It's not uncommon for people who've recently had their teeth removed from impacted wisdom teeth to experience some amount of mild bleeding when they brush/rinse their mouths out in the morning because there are no longer any obstructions like back molars which prevent blood from reaching areas where it would normally collect near gum tissues. Luckily this problem goes away fairly quickly as your gums start to heal.

 

You should plan on avoiding any kind of strenuous activity for the first five days after wisdom tooth removal surgery, which means you need to consider how your plans might be affected if this is something that's needed before or after work/school since there are limitations involved with taking pain medication and being able to function normally during activities like driving or biking.


Don't chew on that side of your mouth while you heal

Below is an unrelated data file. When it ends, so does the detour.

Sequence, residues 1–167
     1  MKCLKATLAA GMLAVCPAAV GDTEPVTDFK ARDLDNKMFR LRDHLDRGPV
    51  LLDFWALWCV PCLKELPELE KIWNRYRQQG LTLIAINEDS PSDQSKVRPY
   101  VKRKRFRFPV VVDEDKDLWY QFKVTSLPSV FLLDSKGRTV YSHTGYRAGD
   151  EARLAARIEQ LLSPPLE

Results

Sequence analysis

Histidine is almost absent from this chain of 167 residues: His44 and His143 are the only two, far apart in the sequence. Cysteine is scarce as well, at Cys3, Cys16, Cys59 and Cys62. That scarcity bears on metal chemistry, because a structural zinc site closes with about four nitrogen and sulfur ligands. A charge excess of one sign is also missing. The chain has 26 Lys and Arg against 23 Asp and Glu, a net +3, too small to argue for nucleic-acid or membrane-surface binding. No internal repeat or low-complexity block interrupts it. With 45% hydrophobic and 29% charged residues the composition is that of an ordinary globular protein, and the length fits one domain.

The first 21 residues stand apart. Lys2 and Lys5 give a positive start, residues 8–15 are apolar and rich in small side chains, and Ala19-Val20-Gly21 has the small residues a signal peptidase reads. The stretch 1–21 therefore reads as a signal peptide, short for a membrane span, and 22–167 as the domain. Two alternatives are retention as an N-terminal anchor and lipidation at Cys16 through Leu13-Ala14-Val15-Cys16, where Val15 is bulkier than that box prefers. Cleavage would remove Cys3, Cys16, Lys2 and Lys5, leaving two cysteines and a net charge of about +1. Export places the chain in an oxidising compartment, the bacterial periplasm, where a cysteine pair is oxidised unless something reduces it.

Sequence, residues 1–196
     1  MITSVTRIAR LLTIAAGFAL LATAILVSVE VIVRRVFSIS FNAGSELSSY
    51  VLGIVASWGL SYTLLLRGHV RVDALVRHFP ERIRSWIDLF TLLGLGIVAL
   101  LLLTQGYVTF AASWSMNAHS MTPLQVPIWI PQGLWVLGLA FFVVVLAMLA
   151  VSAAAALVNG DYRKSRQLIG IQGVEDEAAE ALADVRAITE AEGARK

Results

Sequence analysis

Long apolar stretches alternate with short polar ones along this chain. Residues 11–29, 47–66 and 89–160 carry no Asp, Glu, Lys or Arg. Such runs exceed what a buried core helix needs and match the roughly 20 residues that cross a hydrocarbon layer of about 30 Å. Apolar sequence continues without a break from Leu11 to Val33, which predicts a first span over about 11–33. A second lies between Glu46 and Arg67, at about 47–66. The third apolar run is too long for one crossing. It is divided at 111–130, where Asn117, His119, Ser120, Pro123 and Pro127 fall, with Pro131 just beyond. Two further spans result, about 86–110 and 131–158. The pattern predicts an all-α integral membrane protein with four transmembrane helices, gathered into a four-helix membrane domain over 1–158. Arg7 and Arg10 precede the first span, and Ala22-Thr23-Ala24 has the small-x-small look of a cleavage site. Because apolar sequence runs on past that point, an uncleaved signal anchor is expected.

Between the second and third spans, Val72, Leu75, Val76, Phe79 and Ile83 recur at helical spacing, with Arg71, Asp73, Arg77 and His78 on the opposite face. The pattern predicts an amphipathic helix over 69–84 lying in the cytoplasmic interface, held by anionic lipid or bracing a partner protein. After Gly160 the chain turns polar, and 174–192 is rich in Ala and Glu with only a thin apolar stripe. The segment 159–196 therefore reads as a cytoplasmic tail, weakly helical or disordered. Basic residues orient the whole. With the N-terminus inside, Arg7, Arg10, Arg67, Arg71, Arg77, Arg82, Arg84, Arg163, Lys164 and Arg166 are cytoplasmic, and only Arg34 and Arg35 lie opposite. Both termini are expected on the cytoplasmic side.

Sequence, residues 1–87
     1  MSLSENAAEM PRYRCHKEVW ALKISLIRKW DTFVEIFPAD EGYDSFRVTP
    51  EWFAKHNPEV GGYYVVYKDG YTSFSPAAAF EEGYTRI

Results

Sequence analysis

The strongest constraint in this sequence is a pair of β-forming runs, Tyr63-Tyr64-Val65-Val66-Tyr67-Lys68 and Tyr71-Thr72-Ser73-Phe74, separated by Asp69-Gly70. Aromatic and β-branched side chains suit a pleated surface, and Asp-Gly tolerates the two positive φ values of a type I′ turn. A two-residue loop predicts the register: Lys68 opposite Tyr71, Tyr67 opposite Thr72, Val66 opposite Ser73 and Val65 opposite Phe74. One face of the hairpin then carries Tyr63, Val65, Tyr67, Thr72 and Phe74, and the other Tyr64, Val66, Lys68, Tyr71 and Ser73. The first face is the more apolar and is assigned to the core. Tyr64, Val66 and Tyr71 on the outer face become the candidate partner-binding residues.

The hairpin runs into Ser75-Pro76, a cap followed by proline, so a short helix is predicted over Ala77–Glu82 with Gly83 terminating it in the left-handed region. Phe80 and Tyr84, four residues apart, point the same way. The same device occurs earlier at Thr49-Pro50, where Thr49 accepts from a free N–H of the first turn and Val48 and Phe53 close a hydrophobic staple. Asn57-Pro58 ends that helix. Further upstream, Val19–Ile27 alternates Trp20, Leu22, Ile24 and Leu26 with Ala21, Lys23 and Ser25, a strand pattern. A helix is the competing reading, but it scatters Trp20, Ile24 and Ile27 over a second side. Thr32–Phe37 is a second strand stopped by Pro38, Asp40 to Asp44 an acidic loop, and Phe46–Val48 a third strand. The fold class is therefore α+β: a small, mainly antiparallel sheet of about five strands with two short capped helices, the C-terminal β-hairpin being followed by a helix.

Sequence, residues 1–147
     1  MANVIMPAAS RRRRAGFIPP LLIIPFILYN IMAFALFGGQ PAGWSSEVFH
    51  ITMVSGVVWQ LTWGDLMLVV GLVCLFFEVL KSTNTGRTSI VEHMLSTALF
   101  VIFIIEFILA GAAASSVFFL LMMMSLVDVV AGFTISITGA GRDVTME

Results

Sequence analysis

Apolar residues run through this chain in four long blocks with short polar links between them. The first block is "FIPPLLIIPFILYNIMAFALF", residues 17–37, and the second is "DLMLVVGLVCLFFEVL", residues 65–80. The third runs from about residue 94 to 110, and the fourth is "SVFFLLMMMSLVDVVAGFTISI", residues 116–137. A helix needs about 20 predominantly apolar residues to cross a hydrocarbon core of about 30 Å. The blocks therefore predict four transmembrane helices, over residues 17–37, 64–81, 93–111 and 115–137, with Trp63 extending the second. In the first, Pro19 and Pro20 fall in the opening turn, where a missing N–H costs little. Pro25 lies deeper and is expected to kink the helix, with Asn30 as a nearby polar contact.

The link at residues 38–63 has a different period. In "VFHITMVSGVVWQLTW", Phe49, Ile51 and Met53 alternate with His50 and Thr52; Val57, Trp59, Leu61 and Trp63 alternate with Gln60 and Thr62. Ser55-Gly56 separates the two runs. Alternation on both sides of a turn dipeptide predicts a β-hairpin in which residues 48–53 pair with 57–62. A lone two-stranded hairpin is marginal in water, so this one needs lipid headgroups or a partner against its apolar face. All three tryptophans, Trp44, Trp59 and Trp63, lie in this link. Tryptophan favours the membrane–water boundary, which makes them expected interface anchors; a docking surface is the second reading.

Chewing can create more pressure in your mouth and make things worse if the stitches/staples are still present. You should plan on continuing to eat soft foods for at least two weeks after surgery since it can take that long before your jaw feels like itself again and you're ready to chew normally again.

 

If you chew on the opposite (right) side of your mouth, you may notice that there is more saliva present than usual since your salivary glands are no longer on the same side as they were before surgery.

 

This should subside within a week or two after wisdom tooth removal and it doesn't mean that anything's wrong if this persists beyond then, but it might be something to mention to your dentist/doctor in case he can offer advice about how to deal with any unusual dryness related to reduced saliva production during mealtimes.

 

When all of the stitches/staples have been removed from your gums at around two weeks post-surgery most people start feeling hungry again so don't be surprised if you yourself eating less often until things have healed up.

 

It can be a little overwhelming to figure out what you should expect after wisdom tooth extraction, but we're here to help. Wisdom teeth are the last set of molars that come in and may need removal if they don't grow into other teeth or become impacted by them. We hope this post has helped clear up some of the confusion surrounding wisdom teeth removal!